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By Staff | Jan 5, 2018

For all of the talk how strong the U.S. economy has performed this year, the ag sector is feeling like it missed the party. Commodity markets have not participated in the same mode as the stock/equity markets (except for Deere stock). Stock market investors should post some good profits that they should be able to bank next year at a lower tax rate. States in which the Ag sector are a substantive part of their economy are not having a great year. It was noted that the GDP in both Iowa and South Dakota declined from quarter to quarter due to the large portion of their economies made up of Agriculture. The 3 percent growth rate is concentrated in non-farm economy states. Low net farm income and low commodity prices actually benefit non-farm states because they hold down food prices for consumers.

Competition among grocers and lower margins run by Amazon have also contributed to lower consumer food prices. While there have been instances of higher individual food commodity prices, the net increase in consumer food prices in November was up only 0.6 percent. Even the turkey was cheaper for Thanksgiving than a year ago. Grocers have tended to absorb some price spikes such as in bacon. The WSJ says that food merchandizing has gotten so competitive that overall food prices have localized relative to the competition. In places where they have new stores opening, food prices have fallen 1-6 percent. The restaurant trade is more sensitive to transportation and labor costs so are seeing modest price increases.

The bottom line is that not only are farmers not participating in the general economic growth that the country as a whole is enjoying but are making a contribution to it by providing consumers great value through lower cost food. Farmers are taking an even smaller share of the food dollar.

Much of any price increase for food has been voluntary as consumers demand more labeling, dictating more expensive types of animal housing, limiting use of antibiotics or paying more for organic food with significantly higher costs of production. The better the general economy gets, the more that they can pay for food. While employment is strong, so is farm productivity. If the Trump Administration trade policy limits U.S. farm exports, food will get cheaper still for U.S. consumers. They are getting a bargain and don’t appear to know it.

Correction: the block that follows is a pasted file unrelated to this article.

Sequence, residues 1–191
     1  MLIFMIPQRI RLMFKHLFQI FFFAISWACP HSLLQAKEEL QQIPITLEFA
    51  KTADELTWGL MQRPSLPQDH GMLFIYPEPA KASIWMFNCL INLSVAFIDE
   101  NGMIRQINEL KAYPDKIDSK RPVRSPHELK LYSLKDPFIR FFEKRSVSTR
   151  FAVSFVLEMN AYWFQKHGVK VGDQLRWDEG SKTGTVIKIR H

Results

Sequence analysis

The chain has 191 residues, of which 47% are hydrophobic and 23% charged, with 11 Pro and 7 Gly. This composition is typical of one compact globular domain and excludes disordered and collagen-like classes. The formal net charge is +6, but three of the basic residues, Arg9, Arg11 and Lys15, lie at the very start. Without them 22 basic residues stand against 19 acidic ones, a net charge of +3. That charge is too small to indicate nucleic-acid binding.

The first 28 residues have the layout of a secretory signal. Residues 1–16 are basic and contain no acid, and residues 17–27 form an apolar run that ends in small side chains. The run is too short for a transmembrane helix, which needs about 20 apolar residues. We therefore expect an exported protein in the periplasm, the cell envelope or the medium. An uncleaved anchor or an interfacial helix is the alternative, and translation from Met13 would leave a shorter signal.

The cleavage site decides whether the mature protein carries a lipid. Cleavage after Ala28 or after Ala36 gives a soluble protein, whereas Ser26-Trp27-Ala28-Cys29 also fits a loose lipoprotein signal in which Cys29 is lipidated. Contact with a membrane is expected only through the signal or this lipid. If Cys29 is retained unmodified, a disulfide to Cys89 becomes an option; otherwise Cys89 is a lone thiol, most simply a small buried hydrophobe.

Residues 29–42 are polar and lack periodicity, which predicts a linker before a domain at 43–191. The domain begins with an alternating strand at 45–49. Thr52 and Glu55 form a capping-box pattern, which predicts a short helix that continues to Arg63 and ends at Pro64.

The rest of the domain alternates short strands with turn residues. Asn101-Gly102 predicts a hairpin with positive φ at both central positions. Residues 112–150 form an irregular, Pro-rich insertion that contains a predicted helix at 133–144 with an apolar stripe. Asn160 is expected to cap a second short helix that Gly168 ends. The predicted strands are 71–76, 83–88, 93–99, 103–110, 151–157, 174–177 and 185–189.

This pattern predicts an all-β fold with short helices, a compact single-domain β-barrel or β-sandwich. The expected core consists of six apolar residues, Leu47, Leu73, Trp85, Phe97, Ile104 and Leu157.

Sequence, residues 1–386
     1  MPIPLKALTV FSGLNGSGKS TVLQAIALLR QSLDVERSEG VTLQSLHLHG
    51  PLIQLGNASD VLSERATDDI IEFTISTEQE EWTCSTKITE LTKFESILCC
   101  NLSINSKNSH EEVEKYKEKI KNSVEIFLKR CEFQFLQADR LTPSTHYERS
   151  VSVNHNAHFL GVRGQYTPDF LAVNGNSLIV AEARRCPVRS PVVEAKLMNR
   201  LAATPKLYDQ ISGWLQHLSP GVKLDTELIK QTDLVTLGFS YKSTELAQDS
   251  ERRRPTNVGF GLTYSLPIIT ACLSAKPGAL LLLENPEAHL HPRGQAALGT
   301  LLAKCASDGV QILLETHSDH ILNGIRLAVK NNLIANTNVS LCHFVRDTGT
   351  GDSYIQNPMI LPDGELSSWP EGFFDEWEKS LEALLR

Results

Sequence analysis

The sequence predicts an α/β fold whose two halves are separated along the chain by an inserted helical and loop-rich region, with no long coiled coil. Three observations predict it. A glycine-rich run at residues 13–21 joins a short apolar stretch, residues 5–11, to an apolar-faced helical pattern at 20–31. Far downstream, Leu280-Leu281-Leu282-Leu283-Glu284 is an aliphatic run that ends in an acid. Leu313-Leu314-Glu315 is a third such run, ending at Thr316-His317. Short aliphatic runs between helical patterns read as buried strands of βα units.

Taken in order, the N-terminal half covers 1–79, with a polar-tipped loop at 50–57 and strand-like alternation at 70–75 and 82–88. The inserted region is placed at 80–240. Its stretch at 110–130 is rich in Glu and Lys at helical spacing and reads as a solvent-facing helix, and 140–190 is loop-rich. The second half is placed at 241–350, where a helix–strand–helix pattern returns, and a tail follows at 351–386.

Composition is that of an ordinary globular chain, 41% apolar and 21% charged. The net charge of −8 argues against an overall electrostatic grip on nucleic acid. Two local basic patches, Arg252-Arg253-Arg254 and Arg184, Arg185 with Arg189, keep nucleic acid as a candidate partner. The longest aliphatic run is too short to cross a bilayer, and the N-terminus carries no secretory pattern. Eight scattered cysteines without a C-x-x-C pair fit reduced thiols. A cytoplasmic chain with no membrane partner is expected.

Given all the talk of the tax cuts increasing the U.S. debt by roughly $1.5-2 trillion over the next decade, one could get the miss-impression that that was the total increase in the federal debt forecast. Hardly. The increase from the tax cut is on top of the forecast that the Federal debt would increase $8-9 trillion. The current debt, now near $20 trillion, would rise toward $30 trillion by the end of the next decade. The debt also becomes a larger percentage of US GDP which is what Fed Chairman Janet Yellen is so concerned about. One of the reasons that the Federal debt has not been more of a problem than it has been is that interest rates were dropped to zero for a period of time.

As the economy strengthens, the interest rate will increase, which along with a larger principal, will significantly increase the portion of taxes that are needed to service the debt. By reducing revenues with the tax cut and increasing the cost of servicing the debt as the principal and interest burdens grows, there will be more pressure to reduce government spending to avoid having to reverse the tax holiday. This “happy days are here” mentality that the GOP is selling as its tax cut could very well turn out to be fraud. If the Federal government actually had $1.5 trillion of free cash laying around to allow it to reduce revenues, a tax cut would be strong economic stimulus. However, when they have to go out and first borrow $1.5 trillion from someone/somewhere in order to reduce the tax obligation to the wealthy, what will they invest it in? Likely Treasury Bonds as the interest rate climbs. So in other words, they will be taking less revenue from taxpayers, able to do so because they are borrowing more money from them that they will then pay them more interest on adding to the Federal debt with the entire process.

In my perspective, this benefits the wealthy in this country by insulating them from the growing Federal debt as they finance it coming and going, while transferring the entire liability to the 99 percent. The 1 percent will finance the Federal debt owed to them by the 99 percent. Likely no greater regressive piece of tax legislation has ever been enacted. It is a reward for the donor class which is the same thing as the 1 percent who will own the Treasury paper financing the government. The 1 percent pay less tax and will own the Treasury paper obligating the taxpayers en masse to the Federal debt. I don’t see how the wealthy can lose out on this deal with all of the risk it would appear to me to be borne by the 99 percent. The GOP theory is that tax cuts will be invested creating new economic growth. There will be some positive impact on growth but they have to borrow the money from somewhere which could have otherwise been invested in the economy.

I fear that the tax cut will have mostly a placebo effect. The U.S. economy has come a long ways since the Great Recession. This is when tax revenues should have grown to the point in the business cycle where there is no deficit. Instead, deficits are projected to go up from here. We have never tried funding stimulus with borrowed money near the top of a business cycle before. I will benefit from this tax cut at the expense of my kids and grandkids

David Kruse is president of CommStock Investments Inc., author and producer of The CommStock Report, an ag commentary and market analysis available daily by radio and by subscription on DTN/FarmDayta and the Internet.

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